AMA Chartered Club #563
STARS History by Walt Hibbard
On January 10, 1938, Kenneth Koeppel, and seven others, started the Olean Model Airplane Club (Charter # 13). The club's name was subsequently
changed to the Southern Tier Aero Radio Society in 1972, or as we are more popularly known today, the STARS.
Long before large scale (commonly called quarter scale) model aircraft became popular, STARS member James (Jim) Messer conceived the idea of enlarging an existing 1/6th scale model. This resulted in the now famous 76 inch wingspan Bristol Scouts of which several were originally built, as a
group effort. As the club membership totaled only 24 at that time, this was a titanic undertaking and required phenomenal effort and dedication to
complete the protect as no one knew exactly how to go about building such large models. The airframe’s structural design alone required much work
and the talent and resources of the entire club were needed to accomplish the task. Engines were another problem as none yet existed which could
provide enough power to fly such a large aircraft.
Much experimentation was needed to determine what affordable materials could be used in the airframe. It was found that woods such as light white
pine, basswood and light ply, in conjunction with balsa, were strong enough to handle the stresses imposed by the larger flight loads experienced in the quarter scale environment. Since coverings add substantially to the strength of an airframe, silk/rayon or silk/nylon cloth was used because of it’s light weight and excellent strength. Even angle iron was employed as part of the spar’s structure. Amazingly, a weight of only 14 to 19 lbs. was finally achieved which, even by today’s standards, would be considered light for a 1900 sq inch model.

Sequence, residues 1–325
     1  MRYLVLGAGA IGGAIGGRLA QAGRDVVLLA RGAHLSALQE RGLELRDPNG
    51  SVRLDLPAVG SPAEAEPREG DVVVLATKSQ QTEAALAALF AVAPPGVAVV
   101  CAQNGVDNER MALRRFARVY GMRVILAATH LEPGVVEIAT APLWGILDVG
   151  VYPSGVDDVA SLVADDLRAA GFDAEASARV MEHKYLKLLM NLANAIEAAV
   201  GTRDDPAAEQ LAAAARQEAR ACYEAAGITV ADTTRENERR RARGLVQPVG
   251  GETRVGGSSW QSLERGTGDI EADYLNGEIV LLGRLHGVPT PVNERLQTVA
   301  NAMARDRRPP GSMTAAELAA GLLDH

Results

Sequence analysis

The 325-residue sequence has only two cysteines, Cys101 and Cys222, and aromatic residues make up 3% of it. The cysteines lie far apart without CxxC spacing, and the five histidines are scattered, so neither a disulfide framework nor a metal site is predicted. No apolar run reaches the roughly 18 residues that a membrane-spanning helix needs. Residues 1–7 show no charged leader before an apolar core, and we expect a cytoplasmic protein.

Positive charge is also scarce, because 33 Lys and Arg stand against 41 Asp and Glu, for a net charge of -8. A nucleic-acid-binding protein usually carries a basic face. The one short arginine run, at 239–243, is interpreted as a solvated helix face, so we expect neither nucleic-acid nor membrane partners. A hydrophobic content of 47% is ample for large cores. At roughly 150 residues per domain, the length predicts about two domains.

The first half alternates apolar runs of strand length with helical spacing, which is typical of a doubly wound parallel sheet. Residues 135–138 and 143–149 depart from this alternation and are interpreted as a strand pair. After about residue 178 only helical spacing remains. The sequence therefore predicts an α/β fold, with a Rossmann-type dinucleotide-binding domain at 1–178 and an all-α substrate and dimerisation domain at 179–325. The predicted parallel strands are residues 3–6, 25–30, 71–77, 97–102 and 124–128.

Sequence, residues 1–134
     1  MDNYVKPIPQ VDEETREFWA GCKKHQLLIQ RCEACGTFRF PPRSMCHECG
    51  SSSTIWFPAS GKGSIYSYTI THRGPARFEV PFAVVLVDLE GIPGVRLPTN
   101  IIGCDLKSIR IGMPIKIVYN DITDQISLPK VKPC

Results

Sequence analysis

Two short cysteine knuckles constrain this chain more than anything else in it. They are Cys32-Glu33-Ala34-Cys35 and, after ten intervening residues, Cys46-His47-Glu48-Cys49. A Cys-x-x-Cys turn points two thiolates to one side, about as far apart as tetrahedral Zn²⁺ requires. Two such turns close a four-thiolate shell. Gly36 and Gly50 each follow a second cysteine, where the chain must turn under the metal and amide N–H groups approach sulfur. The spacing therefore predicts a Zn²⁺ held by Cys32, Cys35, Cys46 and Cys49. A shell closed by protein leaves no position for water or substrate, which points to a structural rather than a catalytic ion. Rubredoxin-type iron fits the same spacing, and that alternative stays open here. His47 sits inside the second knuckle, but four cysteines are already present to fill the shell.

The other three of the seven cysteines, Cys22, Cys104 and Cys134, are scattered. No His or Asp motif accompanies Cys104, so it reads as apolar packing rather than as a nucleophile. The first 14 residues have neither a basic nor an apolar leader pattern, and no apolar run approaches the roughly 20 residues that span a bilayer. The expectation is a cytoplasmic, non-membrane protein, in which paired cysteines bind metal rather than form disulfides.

The engines were the next hurdle and trial and error was needed before an adequate power source was perfected. Jim Messer's original idea was to
pair up two 60’s in an opposed twin configuration, mated to a 2:1 reduction gear unit. This worked but was not satisfactory due to high gear wear, unreliability, and excess noise levels. Other engines, such as a Cox-Roper 1.4 (converted to glow), and O&R 1.4, were tried. The converted Cox
worked well but was eventually changed back to its original ignition configuration which proved equally successful as no radio interference problems resulted, as had been expected.
As a result of this 3 year effort and with the advent of engines such as the Quadra, giant scale aircraft became a hobby-wide norm. However, today’s
modeler no longer has to spend hours building their own spoked wheels, converting their own “weed eater” engines, designing and carving their own
props, or experimenting with airfoils and materials . This, because of what was done back in the l970's by STARS members such as Jim Messer, Bill
Messer, Bob Dunn, Ken Koeppel, Dr. George Clapp. and George Privateer, just to name a few.
Several of the 24 members involved in the development of giant scale modeling have gone on to a higher place. However, they will always be
remembered: not only on the monument at the Stars Flying Field near Ischua. NY, but also in the hearts and minds of all those who enjoy building, flying, or just watching giant scale aircraft
2005 marked the 28th Year that the STARS have held a scale radio control aircraft rally. Back in 1977, it was not only one of the biggest rallies in the
country, it was one of very few in all of Western New York State. To the best of our knowledge, the STARS rally was the first to feature giant scale aircraft. It has attracted modelers from all over the United States, Olean and from foreign countries, especially Canada. It features hundreds of types and sizes of scale aircraft, and in recent years it has included evening flying of electric models. It is held at the Olean Municipal Airport near Ischua NY, which is closed to full scale aircraft for the two days of the event.
On August 28th of 2005, at our annual open house, the STARS were honored by the Association of Model Aeronautics for their pioneering work with
giant scale model aircraft. For only the second time in the history of the AMA, a bronze memorial plaque was awarded to a member club. This plaque
recognizes the supreme effort of the STARS in the development of Giant Scale Model Aircraft. At the same time, a second plaque was awarded
naming the STARS flying field as a national AMA historic site.
This is only a brief and partial history of the Southern Tier Aero Radio Society and will be added to in the future as time permits.
By Walter (Walt) Hibbard
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